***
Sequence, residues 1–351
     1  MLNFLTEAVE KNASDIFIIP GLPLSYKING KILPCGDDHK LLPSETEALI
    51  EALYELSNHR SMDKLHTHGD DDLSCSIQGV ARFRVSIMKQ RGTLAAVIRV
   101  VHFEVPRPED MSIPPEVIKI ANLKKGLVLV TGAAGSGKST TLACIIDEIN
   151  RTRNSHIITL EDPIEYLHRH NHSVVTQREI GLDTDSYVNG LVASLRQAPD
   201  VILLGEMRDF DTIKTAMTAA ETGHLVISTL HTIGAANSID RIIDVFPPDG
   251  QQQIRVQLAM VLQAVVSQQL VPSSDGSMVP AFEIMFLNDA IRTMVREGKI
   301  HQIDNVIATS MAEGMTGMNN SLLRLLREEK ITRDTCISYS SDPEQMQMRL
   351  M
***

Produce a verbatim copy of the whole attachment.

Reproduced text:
Sequence, residues 1–351
     1  MLNFLTEAVE KNASDIFIIP GLPLSYKING KILPCGDDHK LLPSETEALI
    51  EALYELSNHR SMDKLHTHGD DDLSCSIQGV ARFRVSIMKQ RGTLAAVIRV
   101  VHFEVPRPED MSIPPEVIKI ANLKKGLVLV TGAAGSGKST TLACIIDEIN
   151  RTRNSHIITL EDPIEYLHRH NHSVVTQREI GLDTDSYVNG LVASLRQAPD
   201  VILLGEMRDF DTIKTAMTAA ETGHLVISTL HTIGAANSID RIIDVFPPDG
   251  QQQIRVQLAM VLQAVVSQQL VPSSDGSMVP AFEIMFLNDA IRTMVREGKI
   301  HQIDNVIATS MAEGMTGMNN SLLRLLREEK ITRDTCISYS SDPEQMQMRL
   351  M